A landlord at Mirema in Zimmerman, Nairobi, has been forced to waive rent for the month of July for his new seemingly high-end apartments to attract new tenants as Covid-19 continues to sweep across the country.
The landlord who has both one and two-bedrooms seems to have reached that decision after it became clear that Kenyans are really struggling to pay rent due to the effects of the pandemic.
A survey done by Infotrak showed that 63 percent of Kenyans cannot pay their rent as Covid-19 weighs heavily on their finances. 60 percent of Kenyans say they are not able to pay rent in full and on time.
The survey also showed that 43 percent of Kenyans view the Covid-19 pandemic as a financial problem as compared to it being a health problem.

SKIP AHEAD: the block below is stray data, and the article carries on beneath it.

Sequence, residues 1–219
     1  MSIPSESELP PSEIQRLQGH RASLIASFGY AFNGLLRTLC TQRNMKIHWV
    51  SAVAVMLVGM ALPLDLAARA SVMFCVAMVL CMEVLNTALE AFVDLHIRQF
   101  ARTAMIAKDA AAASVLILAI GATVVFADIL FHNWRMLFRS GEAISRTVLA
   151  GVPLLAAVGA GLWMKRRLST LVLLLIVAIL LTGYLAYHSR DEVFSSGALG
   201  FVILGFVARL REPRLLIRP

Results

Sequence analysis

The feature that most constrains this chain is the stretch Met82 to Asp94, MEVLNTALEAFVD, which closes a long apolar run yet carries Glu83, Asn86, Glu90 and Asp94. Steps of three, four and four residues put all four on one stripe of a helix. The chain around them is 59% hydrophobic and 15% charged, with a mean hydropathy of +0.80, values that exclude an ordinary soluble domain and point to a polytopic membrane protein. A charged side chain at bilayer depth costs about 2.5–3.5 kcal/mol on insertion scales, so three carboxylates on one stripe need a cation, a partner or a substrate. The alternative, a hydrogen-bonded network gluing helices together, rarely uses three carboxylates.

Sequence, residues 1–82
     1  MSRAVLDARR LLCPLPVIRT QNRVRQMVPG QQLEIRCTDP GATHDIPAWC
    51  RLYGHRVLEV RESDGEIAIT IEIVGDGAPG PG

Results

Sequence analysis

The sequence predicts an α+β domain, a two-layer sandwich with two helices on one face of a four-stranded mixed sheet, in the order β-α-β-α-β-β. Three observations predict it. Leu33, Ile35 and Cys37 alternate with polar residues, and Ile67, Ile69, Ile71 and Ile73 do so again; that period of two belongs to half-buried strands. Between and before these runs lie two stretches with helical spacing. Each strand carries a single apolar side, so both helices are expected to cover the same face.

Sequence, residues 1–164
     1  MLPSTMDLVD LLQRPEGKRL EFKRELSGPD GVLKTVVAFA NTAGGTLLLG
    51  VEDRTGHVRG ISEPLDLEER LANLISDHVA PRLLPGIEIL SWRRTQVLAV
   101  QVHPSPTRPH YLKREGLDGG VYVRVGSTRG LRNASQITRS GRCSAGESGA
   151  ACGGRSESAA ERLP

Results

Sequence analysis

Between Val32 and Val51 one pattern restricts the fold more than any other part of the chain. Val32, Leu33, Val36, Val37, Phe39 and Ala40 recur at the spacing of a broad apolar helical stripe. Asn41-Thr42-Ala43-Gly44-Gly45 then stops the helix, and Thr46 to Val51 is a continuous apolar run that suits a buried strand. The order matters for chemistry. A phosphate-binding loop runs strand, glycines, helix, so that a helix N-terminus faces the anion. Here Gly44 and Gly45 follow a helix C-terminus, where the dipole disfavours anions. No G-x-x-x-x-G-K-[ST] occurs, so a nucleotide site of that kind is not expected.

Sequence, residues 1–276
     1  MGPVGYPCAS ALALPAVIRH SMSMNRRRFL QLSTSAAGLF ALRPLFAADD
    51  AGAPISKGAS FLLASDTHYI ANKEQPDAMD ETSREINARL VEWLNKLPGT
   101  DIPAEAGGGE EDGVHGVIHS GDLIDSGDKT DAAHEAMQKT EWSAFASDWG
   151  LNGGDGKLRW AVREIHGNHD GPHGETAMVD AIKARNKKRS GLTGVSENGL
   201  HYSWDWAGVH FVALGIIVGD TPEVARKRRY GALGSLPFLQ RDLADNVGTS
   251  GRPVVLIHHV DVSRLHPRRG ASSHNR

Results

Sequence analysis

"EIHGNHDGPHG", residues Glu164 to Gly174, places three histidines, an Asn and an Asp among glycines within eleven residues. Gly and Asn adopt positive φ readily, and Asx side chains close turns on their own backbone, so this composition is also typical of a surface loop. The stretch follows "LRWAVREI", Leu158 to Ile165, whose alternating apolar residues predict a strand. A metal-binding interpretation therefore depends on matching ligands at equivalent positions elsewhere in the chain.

The number of confirmed cases has moved past 5000 with the Ministry of Health saying the cases are set to rise drastically as more tests are carried out.
Few landlords in Nairobi opted to reduce the rent in an effort to cushion their tenants and to keep them from moving to cheaper ones. The majority of landlords, however, have remained adamant about rent and some have ended up evicting tenants who delay or fail to pay rent.
According to experts from Cytonn Investments, the current pandemic is expected to shape the future of the real estate sector post-COVID-19 given its implications on economies and health which have been dire, leading to an abrupt change in people’s way of life.
This is expected to continue over a sustained period thus influencing occupiers and end-users of real estate in unprecedented and unique ways, which are expected to have implications for the real estate sector.
As the pandemic continues to bite, it is expected that more and more Kenyans will be unable to pay rent. What will happen to landlords? Are houses going to remain unoccupied? Is the real estate sector going to be the most hit?